Thomas Edison

On February 11, 1847, one of the greatest inventors in history was born in Milan, Ohio. His name is Thomas Alva Edison. Edison died on October 18, 1931 in West Orange, New Jersey, but not before he registered over 1,000 patents. Edison's inventions continue to have an important effect on people's lives today. His very first invention was the electric vote recorder.

Thomas Edison was also a business entrepreneur starting several companies throughout his life. Many of his inventions were group efforts between himself and the workers in his invention laboratory where they assisted him in developing, building, and testing the inventions. The laboratory was located in Menlo Park, New Jersey. One of the biggest corporations Edison began is still in existence today, named General Electric or GE.

Even though Edison became a famous inventor, growing up as a child he did not do well in school and ended up being home-schooled by his mother. However, at age 10 he did set up his first lab in his parent's basement. He entertained himself by taking things apart and putting them back together again to see how they worked. As a teenager he also earned an income selling vegetables, candy, and newspapers on trains.

While working on the train an incident occurred that set him on the path to becoming an inventor. He saved a child from a runaway train, and the child's father was so grateful he trained the 15-year-old Edison to be a telegraph operator, sending and receiving messages using Morse code. During his time as a telegraph operator he became interested in communications which became the focus of many of his inventions.

Edison is best known for many inventions including two of his most popular, the phonograph and the practical light bulb. The phonograph was his first major invention and brought fame to Edison. The phonograph was able to record and playback sound. The first words recorded by Edison were the lyrics to the song Mary Had a Little Lamb.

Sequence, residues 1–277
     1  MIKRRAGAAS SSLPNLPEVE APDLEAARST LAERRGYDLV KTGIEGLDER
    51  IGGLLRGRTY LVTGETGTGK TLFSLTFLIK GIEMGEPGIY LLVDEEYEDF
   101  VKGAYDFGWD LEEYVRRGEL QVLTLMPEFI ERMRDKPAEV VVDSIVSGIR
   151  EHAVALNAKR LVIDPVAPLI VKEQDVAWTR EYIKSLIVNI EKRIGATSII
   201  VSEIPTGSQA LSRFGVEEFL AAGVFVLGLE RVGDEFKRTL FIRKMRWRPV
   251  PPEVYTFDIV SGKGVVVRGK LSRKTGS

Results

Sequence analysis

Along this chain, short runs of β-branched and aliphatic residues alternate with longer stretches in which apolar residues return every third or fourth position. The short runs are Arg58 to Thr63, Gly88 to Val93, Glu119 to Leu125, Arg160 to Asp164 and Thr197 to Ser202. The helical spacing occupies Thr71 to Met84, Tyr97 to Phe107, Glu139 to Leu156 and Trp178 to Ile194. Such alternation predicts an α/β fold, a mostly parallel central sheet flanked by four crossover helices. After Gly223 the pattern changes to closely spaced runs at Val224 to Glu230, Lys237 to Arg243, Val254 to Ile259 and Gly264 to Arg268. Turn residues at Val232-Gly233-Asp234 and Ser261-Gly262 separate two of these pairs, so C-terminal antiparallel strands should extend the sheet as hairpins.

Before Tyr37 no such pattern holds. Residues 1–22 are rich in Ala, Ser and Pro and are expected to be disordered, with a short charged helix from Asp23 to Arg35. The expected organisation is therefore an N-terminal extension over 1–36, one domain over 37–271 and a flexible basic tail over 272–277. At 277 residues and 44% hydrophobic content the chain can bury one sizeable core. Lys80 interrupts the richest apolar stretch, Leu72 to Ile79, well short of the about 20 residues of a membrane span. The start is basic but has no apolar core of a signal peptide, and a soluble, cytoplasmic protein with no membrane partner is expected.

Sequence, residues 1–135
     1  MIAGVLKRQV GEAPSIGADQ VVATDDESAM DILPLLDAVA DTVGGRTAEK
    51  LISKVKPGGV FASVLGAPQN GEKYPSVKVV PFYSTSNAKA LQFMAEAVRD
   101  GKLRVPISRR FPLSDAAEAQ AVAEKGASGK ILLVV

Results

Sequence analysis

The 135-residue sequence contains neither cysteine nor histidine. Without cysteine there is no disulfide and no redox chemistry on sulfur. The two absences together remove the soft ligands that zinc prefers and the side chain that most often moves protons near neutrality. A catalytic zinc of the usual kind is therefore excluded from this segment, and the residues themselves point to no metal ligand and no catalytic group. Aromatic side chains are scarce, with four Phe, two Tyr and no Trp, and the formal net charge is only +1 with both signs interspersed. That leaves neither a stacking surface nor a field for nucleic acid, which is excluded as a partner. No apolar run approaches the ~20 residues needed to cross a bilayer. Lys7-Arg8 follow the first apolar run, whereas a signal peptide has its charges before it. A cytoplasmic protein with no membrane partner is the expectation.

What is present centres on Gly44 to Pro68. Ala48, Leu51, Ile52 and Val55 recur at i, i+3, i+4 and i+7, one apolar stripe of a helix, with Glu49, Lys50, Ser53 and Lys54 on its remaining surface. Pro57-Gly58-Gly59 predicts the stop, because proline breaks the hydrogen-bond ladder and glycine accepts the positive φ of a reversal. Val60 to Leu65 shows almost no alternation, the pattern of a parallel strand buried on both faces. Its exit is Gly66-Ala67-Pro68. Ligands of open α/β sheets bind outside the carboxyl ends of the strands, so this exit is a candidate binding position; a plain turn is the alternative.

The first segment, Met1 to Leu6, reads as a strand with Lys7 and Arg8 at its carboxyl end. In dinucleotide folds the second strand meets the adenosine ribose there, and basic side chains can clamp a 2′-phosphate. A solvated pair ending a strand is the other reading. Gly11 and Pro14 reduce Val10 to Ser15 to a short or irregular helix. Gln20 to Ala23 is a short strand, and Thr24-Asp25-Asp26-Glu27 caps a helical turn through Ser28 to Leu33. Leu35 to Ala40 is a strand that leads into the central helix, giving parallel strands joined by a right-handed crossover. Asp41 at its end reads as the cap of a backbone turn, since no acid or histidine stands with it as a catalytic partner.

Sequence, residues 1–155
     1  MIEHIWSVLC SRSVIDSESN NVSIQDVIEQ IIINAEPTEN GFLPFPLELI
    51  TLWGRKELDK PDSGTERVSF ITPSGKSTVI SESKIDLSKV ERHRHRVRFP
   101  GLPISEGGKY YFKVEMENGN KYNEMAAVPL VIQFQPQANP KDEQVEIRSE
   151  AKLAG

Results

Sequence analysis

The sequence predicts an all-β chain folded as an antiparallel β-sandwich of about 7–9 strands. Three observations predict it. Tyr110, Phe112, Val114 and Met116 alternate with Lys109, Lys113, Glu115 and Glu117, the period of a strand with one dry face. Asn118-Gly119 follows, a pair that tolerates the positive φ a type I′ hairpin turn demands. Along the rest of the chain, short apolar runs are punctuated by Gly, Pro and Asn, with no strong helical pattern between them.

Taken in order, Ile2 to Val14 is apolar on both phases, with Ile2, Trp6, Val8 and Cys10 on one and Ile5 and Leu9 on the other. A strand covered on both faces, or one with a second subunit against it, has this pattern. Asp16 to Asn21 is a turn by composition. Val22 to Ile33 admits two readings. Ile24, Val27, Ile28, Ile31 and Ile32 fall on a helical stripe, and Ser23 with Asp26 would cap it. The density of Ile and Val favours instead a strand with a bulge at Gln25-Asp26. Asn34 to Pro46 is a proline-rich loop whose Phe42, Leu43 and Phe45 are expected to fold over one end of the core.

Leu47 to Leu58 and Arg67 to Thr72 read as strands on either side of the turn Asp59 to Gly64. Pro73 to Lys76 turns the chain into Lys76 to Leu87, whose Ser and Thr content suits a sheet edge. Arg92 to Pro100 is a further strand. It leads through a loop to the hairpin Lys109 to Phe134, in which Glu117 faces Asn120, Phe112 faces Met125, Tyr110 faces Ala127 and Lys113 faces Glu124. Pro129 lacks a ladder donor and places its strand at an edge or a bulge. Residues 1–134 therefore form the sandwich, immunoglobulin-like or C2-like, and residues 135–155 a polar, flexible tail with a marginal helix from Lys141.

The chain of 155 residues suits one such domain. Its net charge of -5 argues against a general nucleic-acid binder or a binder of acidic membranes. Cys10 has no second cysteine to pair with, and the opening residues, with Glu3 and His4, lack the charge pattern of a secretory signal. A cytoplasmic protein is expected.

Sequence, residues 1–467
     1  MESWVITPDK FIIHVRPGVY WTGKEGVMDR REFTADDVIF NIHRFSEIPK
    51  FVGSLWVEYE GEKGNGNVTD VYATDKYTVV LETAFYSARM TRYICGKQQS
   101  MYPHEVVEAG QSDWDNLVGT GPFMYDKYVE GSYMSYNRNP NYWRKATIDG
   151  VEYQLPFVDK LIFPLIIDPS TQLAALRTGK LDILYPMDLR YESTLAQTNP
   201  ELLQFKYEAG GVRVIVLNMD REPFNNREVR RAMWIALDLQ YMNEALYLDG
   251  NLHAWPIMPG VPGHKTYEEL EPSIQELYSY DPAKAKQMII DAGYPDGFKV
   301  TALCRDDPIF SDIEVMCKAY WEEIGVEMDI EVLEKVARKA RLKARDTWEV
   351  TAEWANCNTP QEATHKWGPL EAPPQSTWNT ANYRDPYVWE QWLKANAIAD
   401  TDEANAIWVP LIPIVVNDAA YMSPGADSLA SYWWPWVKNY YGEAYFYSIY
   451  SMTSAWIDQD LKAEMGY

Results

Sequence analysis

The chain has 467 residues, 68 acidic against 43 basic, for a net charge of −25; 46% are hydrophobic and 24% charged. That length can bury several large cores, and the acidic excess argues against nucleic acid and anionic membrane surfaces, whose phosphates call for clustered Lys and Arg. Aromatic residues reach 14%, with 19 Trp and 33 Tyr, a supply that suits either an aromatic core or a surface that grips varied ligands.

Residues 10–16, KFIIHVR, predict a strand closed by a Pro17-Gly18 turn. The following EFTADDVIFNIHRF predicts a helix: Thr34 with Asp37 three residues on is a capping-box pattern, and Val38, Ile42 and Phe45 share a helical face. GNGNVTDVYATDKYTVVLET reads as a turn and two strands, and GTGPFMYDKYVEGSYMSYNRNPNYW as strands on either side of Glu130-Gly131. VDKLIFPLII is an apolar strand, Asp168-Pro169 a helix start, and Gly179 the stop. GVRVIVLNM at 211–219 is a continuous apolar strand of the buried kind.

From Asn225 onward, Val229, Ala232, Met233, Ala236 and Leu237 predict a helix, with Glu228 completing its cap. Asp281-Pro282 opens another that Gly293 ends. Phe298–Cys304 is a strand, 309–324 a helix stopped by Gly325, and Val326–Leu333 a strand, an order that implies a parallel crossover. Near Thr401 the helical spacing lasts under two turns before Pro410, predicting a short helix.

Edison did not invent the first electric light, but he created the first light bulb that could be used in homes. He also invented products related to the light bulb for use in the home, which included safety fuses and on/off switches for light sockets. He also invented the power grid system for generating electricity and delivering it to homes and businesses through a network of wires.

Another popular invention of Edison's was the motion picture. He spent many hours on and worked hard in producing the motion picture camera which helped others move toward the progress of practical movies. In addition, he contributed to x-ray technology, storage batteries, and invented the first talking doll.

Edison's personal life included a marriage to Mary Stillwell, and when she died he remarried Mina Miller. Edison had five children in all, and two of them had the nicknames Dot and Dash, named after Morse Code symbols.

In summary, Thomas Edison registered 1,093 patents over his lifetime and those inventions continue to influence the way people live today, including the phonograph, light bulb and the motion picture camera leading to the movies many people enjoy today.

A: Menlo Park
B: West Orange
C: New York
D: Milan

A: Phonograph
B: Motion picture
C: Light bulb
D: Storage battery

A: On/off switch
B: Dimmer switch
C: Safety fuses
D: Power grids

A: x-ray technology
B: storage batteries
C: television
D: first talking doll

A: 2
B: 3
C: 5
D: 7

A: Electric vote recorder
B: Telegraph
C: Phonograph
D: Practical light bulb

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